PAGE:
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AirLander take off then 2nd Flight Mishap

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AirLander take off then 2nd Flight Mishap

Old 1st Sep 2016, 20:36
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Originally Posted by CaptainSandL
1. If it slows down sufficiently will it actually stall or simply sink; or are they the same thing?
If the wings are rigidly attached to the body, then for them to reach the AoA for a stall in level flight would presumably require the entire aircraft to be pitched up correspondingly.

Otherwise, as it slows down, it simply stops flying and becomes an aerostat, albeit a heavier-than-air one, with only the downward thrust from the vectored fans to (partially) offset the negative buoyancy.
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Old 1st Sep 2016, 20:41
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Airships were traditionally lighter than air which meant you had to permanently lasso them down with an army. Airlander can effectively make itself heavier than air, hence minimal groundcrew requirement and a more rugged proposition out in the wilds.

It can hover at 0kts without stalling - there are pictures of it floating in the hangar for testing prior to opening of the doors.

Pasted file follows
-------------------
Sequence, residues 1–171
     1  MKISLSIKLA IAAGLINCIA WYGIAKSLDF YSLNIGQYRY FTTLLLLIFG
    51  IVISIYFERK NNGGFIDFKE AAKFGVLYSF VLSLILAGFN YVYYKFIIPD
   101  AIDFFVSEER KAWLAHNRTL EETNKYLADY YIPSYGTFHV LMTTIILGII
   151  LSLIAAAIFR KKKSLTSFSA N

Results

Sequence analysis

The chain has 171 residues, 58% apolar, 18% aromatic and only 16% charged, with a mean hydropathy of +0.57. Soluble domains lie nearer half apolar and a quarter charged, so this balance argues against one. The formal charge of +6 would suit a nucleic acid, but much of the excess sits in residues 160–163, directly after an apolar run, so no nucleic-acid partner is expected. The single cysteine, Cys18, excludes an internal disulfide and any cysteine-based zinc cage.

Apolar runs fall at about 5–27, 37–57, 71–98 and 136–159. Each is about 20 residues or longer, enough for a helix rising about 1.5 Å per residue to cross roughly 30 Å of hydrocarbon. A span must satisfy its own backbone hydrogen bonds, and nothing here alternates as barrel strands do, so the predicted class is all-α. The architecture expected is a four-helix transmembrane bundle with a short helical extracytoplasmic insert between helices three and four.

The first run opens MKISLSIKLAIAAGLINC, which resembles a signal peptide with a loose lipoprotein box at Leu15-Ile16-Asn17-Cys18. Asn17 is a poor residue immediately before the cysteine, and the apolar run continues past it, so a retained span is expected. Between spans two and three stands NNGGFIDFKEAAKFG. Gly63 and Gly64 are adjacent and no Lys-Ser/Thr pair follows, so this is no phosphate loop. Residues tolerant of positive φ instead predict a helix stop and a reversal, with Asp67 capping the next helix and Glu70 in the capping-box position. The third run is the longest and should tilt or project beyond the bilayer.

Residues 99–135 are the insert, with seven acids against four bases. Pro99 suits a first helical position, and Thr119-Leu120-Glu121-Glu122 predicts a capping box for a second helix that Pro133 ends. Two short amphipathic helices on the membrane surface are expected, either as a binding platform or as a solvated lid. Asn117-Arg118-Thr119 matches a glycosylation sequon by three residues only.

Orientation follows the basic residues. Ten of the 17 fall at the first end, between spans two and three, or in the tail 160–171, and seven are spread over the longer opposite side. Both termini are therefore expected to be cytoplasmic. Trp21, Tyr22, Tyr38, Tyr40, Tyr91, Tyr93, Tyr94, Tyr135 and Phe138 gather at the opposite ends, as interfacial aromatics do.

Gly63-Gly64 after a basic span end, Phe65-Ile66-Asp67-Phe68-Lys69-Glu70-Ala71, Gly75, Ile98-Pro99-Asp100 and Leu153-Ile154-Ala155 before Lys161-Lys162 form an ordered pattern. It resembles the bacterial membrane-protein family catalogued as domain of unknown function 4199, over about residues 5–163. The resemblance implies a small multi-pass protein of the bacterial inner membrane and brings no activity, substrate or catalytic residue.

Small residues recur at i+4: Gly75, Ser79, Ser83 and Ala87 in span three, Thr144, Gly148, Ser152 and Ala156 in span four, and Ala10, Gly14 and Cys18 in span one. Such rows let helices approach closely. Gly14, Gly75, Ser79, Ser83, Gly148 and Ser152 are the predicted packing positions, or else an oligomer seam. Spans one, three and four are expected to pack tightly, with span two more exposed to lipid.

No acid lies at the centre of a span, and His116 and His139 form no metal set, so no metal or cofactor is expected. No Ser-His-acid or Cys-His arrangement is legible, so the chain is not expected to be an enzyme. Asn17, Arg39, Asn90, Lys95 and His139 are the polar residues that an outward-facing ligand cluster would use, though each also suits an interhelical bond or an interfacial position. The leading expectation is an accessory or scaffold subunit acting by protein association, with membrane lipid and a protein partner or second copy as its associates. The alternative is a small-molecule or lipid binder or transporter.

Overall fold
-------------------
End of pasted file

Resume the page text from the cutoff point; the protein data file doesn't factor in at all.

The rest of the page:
It makes a rolling takeoff V1/VR 30kts:

Pilot published this big feature recently
http://www.pilotweb.aero/features/the_airship_redrawn_will_this_revolutionise_air_travel_1_463 4083

How it takes off with an extra 10T payload I don't know. You don't use the ballonets for this to suddenly make it less dense, only for trimming and controlling the internal pressure of the envelope.

We're all scratching heads a little over this. To be fair they've had decades to understand the theory and we're all playing catch up.

An earlier question related to the bow thruster above the nose, this is on the Airlander 50 CGI image but not on the 10.

The unusual attitude that was adopted prior to the incident was deliberate. I'm told by airship guys that they do this to punch through an inversion, which can critically affect the buoyancy. I wasn't there but did they go around off the first attempt & tried this second time round? Or maybe it was on the test flight plan.

The speed was low but there just wasn't a flare, only HAV will know why.

Fingers crossed to see it back up there this winter.
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Old 1st Sep 2016, 20:52